Translators and proof readers have suspected it for a long time: The German language simply has too many words. Nobody can know them all. Wolfgang Klein, director of the Max Planck Institute for Psycholinguistics, agrees with you: In his report “Wealth and Poverty of the German Language”, he comes to a surprising conclusion. The German language has “5.3 million lexical units – i.e. words as they are found in a dictionary”. The number of words trebled in the 20th century, but whoever immediately thinks about computers and the Internet is in for another surprise: Most of the new words were added during the first half of the century, particularly in the areas of functional texts, science and particularly newspapers. And the majority of these words were neither Anglicisms nor foreign words, but rather composite words.
Of course, that is a bit unfair towards other languages. But, what other language could invent wonderful words like “Rindfleischetikettierungsüberwachungsaufgabenübertragungsgesetz” (transfer law for the monitoring of beef labelling tasks)? By the way, this word held the record for the longest German word until the law was abolished.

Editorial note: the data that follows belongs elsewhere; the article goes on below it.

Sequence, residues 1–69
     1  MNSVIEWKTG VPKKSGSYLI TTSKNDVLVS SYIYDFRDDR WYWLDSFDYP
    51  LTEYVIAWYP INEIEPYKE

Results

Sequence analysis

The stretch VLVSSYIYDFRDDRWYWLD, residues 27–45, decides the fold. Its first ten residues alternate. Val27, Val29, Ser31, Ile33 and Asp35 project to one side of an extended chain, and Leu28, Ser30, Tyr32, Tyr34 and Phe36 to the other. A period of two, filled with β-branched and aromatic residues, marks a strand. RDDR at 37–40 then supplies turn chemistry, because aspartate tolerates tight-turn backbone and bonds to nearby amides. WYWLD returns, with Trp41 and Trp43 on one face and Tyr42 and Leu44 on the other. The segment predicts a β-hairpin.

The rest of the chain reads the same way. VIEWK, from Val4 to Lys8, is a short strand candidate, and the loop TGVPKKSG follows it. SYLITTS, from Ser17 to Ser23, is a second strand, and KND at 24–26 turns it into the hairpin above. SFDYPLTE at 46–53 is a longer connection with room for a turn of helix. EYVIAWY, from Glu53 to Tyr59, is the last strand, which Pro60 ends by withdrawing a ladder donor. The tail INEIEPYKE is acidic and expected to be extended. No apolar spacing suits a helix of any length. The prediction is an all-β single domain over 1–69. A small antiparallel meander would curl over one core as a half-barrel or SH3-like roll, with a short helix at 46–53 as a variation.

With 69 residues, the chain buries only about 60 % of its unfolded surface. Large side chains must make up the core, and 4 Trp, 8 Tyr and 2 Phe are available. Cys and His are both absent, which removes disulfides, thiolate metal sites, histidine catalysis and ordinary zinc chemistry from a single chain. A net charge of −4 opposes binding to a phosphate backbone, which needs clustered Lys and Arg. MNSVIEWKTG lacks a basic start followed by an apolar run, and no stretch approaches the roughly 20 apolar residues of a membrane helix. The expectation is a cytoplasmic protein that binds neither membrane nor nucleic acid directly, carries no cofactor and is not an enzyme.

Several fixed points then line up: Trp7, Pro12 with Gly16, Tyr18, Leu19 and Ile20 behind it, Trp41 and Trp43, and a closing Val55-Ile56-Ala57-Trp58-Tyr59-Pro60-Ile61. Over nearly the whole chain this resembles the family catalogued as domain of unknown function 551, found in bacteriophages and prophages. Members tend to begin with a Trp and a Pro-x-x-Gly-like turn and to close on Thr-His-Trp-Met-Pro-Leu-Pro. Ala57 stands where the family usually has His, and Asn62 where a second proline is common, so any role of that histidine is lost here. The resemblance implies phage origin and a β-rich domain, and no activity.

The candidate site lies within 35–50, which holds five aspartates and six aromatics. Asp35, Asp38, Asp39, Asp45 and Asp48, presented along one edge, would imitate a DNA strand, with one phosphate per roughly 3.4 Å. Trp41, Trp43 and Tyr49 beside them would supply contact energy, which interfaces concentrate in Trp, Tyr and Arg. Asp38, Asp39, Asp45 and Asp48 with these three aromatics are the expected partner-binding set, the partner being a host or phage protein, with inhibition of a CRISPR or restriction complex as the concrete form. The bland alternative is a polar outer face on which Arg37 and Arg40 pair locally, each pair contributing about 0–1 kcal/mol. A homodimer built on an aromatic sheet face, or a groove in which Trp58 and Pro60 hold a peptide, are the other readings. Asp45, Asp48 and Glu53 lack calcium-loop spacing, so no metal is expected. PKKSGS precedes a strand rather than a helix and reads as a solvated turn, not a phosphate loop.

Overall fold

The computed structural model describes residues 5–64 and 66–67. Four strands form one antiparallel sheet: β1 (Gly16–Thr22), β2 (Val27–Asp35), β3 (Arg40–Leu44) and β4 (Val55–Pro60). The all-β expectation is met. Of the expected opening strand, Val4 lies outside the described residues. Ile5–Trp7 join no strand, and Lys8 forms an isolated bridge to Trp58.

By comparison: The “Oxford Dictionary of English” currently has around 620,000 contemporary words, the French equivalent “Grand Robert” on the other hand, only 100,000. However, the Duden estimates the vocabulary of contemporary German at only around 300,000 to 500,000 words, though only the infinitive is considered. But no matter how it is calculated – that is a whole lot of words!